DAKAR — US President Barack Obama said Thursday he would not "scramble jets" to intercept any flights carrying fugitive leaker Edward Snowden and scoffed at spending political capital to win him back from Russia.
Obama, questioned in Africa on the latest twists of the international spy drama involving Snowden and his exposure of US phone and Internet surveillance programs, did however admit he was worried about what other secrets might leak.
His comments came as Snowden remained in Russia, where he fled from Hong Kong, stuck in the transit zone of a Moscow airport, apparently unable to travel on to possible asylum in Ecuador after Washington cancelled his passport.
Obama, who has been embarrassed by the refusal of first China and then Russia to expel Snowden, insisted the real damage to the United States lay not in international humiliation, but in the exposure of key spying programs.
But he ruled out military action should Snowden eventually manage to get on a flight out of Russia.
"No, I am not going to be scrambling jets to get a 29-year-old hacker," Obama said, at a media conference in Senegal.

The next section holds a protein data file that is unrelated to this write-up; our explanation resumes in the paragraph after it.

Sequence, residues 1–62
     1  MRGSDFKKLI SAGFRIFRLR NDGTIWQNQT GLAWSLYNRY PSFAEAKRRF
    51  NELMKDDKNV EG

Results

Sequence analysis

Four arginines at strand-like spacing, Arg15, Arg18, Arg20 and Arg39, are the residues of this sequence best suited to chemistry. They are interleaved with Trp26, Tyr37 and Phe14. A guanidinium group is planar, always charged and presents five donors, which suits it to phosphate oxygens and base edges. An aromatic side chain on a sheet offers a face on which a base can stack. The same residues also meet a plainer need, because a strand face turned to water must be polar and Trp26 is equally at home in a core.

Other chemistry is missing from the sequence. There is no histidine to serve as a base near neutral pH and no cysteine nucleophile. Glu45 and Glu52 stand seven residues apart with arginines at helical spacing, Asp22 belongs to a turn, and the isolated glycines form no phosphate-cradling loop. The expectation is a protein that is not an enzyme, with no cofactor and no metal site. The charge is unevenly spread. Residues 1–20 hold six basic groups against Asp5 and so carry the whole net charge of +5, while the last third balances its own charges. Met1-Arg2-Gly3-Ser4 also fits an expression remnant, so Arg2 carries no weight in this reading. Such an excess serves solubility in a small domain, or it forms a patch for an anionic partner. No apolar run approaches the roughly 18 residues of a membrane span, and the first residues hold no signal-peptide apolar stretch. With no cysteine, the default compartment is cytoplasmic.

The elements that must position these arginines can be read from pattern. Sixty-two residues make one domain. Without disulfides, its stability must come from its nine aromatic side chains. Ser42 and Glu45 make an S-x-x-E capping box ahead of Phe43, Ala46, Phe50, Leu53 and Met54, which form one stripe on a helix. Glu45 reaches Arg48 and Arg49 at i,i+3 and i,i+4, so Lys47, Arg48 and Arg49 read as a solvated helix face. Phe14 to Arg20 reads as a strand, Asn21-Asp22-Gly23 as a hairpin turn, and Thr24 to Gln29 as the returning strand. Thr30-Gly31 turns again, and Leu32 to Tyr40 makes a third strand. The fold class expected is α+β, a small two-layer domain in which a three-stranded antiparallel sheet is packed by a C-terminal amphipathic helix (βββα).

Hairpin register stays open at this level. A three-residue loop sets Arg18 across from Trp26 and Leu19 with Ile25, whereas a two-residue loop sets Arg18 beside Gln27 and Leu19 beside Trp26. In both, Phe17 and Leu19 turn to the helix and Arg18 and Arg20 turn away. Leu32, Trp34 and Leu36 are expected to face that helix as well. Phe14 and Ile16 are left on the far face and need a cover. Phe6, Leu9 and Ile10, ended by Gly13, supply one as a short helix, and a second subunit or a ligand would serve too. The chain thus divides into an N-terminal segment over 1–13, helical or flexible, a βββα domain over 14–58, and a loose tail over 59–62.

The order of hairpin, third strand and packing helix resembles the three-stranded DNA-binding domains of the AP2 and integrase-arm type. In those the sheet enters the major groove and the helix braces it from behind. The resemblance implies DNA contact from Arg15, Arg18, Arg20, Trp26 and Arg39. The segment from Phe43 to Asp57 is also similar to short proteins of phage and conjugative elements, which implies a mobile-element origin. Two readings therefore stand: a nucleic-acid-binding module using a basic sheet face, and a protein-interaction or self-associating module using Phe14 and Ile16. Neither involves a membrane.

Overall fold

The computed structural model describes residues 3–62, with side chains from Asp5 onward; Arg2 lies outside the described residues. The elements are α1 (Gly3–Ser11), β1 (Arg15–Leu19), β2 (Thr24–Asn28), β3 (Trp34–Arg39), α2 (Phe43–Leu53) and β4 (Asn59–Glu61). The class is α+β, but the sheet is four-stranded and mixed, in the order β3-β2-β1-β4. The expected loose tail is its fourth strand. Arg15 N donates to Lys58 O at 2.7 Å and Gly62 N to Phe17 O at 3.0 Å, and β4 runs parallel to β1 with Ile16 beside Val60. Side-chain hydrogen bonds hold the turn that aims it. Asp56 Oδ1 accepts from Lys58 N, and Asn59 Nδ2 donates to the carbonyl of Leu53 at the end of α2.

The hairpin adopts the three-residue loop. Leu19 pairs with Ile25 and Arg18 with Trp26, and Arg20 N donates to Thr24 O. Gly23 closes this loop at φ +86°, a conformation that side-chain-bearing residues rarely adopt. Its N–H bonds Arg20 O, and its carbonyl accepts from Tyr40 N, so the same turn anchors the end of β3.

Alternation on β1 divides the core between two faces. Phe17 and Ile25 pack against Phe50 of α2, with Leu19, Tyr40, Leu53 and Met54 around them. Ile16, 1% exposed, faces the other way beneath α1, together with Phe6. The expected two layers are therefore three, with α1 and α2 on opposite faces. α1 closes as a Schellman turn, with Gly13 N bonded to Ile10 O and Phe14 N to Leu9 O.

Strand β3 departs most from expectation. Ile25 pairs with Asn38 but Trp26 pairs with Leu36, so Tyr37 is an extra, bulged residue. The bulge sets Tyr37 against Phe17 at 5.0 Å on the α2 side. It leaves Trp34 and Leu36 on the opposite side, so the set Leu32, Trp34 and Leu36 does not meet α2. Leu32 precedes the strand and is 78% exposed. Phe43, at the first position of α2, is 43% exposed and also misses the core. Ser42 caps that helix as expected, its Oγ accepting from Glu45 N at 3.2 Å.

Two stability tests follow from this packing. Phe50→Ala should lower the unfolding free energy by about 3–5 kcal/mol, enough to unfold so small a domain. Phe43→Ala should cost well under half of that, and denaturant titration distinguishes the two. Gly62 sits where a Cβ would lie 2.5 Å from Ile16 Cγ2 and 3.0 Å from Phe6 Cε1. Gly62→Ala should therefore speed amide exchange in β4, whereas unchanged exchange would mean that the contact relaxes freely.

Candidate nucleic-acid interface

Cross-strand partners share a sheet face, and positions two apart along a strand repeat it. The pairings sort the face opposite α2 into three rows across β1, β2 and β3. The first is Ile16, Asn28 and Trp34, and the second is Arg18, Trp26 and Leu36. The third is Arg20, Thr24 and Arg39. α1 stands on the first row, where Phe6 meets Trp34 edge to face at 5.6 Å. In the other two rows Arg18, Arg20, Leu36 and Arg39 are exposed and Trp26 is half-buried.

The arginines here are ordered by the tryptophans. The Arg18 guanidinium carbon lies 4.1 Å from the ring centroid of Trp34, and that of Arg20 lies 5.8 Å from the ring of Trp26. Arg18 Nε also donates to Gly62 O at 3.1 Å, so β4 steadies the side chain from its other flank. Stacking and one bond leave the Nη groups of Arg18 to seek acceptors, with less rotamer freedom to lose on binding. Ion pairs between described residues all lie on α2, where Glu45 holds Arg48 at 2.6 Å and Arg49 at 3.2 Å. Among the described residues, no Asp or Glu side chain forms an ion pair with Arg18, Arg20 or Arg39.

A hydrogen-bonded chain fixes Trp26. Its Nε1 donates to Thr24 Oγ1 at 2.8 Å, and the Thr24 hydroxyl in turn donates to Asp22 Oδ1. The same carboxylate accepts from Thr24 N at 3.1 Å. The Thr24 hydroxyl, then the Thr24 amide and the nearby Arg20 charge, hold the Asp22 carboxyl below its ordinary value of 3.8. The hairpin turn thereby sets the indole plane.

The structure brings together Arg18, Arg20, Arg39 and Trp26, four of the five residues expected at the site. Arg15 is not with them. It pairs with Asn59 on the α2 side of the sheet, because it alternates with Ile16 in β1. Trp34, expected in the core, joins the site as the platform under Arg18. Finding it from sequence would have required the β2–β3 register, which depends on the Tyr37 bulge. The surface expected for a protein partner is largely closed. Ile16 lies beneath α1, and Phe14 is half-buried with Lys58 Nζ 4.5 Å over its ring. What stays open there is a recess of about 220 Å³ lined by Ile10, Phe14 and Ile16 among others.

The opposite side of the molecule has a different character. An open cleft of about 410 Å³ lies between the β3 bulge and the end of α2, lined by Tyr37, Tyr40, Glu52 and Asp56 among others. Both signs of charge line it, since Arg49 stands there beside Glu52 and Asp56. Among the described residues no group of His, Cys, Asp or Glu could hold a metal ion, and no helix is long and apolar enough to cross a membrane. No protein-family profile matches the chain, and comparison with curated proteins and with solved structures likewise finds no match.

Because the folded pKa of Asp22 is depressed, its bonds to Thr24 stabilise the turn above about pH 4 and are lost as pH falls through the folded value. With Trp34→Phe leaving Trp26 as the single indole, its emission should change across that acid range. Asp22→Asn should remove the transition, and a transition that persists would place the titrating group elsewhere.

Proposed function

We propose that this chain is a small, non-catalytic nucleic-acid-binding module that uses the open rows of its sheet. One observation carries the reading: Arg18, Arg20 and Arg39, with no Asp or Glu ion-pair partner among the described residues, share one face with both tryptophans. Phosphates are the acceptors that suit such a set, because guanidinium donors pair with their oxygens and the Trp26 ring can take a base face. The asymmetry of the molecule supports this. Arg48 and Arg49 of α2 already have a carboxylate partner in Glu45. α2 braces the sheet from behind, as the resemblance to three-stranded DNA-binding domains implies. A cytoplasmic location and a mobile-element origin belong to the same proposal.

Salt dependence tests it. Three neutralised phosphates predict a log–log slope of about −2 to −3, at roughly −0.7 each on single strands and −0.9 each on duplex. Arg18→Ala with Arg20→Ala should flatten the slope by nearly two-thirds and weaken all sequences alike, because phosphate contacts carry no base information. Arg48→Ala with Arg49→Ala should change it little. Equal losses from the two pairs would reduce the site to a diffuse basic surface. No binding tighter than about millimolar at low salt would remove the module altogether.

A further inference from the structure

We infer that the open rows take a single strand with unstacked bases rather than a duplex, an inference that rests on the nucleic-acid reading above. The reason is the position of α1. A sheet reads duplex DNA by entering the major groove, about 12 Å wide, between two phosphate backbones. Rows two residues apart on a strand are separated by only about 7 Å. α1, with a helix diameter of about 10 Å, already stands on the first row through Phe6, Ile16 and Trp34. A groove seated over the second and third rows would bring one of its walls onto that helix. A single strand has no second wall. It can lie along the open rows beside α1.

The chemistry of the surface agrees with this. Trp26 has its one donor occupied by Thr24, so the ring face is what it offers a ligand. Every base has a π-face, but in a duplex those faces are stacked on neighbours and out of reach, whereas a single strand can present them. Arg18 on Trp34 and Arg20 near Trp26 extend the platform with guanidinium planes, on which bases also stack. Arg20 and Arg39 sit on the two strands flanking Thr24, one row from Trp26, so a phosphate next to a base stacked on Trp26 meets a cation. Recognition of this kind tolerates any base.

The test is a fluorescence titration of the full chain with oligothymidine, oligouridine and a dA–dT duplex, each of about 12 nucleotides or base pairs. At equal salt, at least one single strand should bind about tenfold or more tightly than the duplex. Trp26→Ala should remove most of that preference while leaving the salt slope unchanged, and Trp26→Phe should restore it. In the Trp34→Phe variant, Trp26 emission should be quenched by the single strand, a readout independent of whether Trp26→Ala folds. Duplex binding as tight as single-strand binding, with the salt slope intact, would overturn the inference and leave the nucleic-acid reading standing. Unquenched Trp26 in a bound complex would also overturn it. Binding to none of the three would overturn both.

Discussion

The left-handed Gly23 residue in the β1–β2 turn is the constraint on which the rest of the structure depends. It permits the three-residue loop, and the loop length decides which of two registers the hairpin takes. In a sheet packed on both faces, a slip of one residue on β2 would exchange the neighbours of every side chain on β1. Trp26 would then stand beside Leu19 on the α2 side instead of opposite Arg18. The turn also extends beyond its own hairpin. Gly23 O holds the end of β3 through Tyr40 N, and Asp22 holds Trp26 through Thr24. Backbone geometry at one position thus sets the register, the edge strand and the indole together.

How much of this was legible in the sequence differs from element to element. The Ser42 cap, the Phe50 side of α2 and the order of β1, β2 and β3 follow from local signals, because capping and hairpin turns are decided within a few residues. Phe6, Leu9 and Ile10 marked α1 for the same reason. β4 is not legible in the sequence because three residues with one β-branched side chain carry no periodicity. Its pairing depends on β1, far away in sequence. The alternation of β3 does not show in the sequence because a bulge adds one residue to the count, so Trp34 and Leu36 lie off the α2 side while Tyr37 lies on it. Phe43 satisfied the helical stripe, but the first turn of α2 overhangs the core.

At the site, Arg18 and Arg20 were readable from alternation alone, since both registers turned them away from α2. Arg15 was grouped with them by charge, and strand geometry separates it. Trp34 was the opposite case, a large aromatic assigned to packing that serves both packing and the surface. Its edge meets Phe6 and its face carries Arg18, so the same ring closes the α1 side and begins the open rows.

The US leader also said that he had not called the Chinese or Russian presidents to plead with them to hand Snowden over, because his government was using regular legal channels for an extradition case.
"I have not called President Xi (Jinping) personally or President (Vladimir) Putin personally. The reason is, number one, I shouldn't have to. This is something that routinely is dealt between law enforcement officials in various countries."
Obama said that the US and China relationships were broad and ranged over many issues and that he would not get down to "wheeling and dealing" with Russia and China over one extradition case.
Washington had warned earlier in the week that its relations with China would "undoubtedly" be impacted by the failure to honour its extradition request for Snowden, and it did not believe the decision to let him leave Hong Kong was simply the action of a local immigration official.
China however dismissed the idea that an individual case could disrupt relations, which both sides are trying to improve as witnessed at an informal summit between Xi and Obama in California this month.
While they have lashed out at China, they have adopted a softer tone towards Russia, as behind the scenes negotiations apparently take place between governments and judicial authorities in the two countries.
"We certainly understand the fact that Mr. Snowden chose to travel to Moscow, chose to travel to Russia, creates issues that the Russian government has to consider," White House spokesman Jay Carney said Wednesday.
"We also believe that when it comes to Mr. Snowden, well, we agree with President Putin that we don't want the situation to harm our relations."
Washington believes there is a "clear, legal basis" for Russia to expel Snowden, despite the lack of an extradition treaty between Washington and Moscow.